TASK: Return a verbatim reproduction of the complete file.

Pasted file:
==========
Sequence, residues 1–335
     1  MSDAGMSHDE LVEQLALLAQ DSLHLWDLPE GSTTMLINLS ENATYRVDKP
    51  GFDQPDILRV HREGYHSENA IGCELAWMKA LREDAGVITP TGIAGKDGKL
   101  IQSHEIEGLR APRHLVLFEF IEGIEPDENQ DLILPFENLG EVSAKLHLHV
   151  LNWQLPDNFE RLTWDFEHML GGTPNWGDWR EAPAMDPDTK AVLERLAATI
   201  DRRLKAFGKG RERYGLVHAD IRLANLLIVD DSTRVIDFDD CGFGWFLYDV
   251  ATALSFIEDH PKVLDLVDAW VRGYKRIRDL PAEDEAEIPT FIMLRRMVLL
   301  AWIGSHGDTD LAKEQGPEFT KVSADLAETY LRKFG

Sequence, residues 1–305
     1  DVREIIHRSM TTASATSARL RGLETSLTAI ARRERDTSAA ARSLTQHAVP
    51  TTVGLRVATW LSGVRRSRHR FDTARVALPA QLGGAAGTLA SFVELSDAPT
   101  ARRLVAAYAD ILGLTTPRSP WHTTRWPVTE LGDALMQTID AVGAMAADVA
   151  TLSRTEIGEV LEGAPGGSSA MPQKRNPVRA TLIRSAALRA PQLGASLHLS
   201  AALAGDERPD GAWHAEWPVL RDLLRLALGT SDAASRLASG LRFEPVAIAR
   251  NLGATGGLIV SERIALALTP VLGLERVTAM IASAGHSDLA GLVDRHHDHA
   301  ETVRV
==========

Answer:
Sequence, residues 1–335
     1  MSDAGMSHDE LVEQLALLAQ DSLHLWDLPE GSTTMLINLS ENATYRVDKP
    51  GFDQPDILRV HREGYHSENA IGCELAWMKA LREDAGVITP TGIAGKDGKL
   101  IQSHEIEGLR APRHLVLFEF IEGIEPDENQ DLILPFENLG EVSAKLHLHV
   151  LNWQLPDNFE RLTWDFEHML GGTPNWGDWR EAPAMDPDTK AVLERLAATI
   201  DRRLKAFGKG RERYGLVHAD IRLANLLIVD DSTRVIDFDD CGFGWFLYDV
   251  ATALSFIEDH PKVLDLVDAW VRGYKRIRDL PAEDEAEIPT FIMLRRMVLL
   301  AWIGSHGDTD LAKEQGPEFT KVSADLAETY LRKFG

Sequence, residues 1–305
     1  DVREIIHRSM TTASATSARL RGLETSLTAI ARRERDTSAA ARSLTQHAVP
    51  TTVGLRVATW LSGVRRSRHR FDTARVALPA QLGGAAGTLA SFVELSDAPT
   101  ARRLVAAYAD ILGLTTPRSP WHTTRWPVTE LGDALMQTID AVGAMAADVA
   151  TLSRTEIGEV LEGAPGGSSA MPQKRNPVRA TLIRSAALRA PQLGASLHLS
   201  AALAGDERPD GAWHAEWPVL RDLLRLALGT SDAASRLASG LRFEPVAIAR
   251  NLGATGGLIV SERIALALTP VLGLERVTAM IASAGHSDLA GLVDRHHDHA
   301  ETVRV